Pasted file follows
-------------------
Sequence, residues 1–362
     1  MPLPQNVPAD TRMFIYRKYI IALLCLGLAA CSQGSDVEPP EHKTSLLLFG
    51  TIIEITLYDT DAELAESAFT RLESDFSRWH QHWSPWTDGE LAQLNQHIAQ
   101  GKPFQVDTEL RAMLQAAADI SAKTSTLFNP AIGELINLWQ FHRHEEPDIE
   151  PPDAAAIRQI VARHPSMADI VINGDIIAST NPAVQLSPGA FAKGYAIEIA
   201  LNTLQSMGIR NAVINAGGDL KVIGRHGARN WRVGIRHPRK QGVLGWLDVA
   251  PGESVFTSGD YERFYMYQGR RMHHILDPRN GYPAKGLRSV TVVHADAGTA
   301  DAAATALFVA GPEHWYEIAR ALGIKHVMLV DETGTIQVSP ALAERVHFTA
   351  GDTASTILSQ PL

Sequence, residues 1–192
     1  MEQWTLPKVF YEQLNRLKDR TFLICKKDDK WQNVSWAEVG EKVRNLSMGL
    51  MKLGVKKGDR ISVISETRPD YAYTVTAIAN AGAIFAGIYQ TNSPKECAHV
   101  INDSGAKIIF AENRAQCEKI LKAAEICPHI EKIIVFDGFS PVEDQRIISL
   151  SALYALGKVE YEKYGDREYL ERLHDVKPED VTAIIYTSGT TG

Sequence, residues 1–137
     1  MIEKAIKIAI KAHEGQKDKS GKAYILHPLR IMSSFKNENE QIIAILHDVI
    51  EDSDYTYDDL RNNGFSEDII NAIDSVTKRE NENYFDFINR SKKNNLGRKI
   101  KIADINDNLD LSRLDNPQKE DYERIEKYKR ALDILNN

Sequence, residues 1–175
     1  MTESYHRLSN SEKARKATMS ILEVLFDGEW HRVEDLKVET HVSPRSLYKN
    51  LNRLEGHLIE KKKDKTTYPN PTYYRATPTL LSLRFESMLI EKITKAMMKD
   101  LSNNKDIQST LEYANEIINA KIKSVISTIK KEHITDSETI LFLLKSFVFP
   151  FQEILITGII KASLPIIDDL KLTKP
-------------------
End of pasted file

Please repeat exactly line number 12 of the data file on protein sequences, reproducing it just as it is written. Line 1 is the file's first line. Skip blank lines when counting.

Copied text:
    51  MKLGVKKGDR ISVISETRPD YAYTVTAIAN AGAIFAGIYQ TNSPKECAHV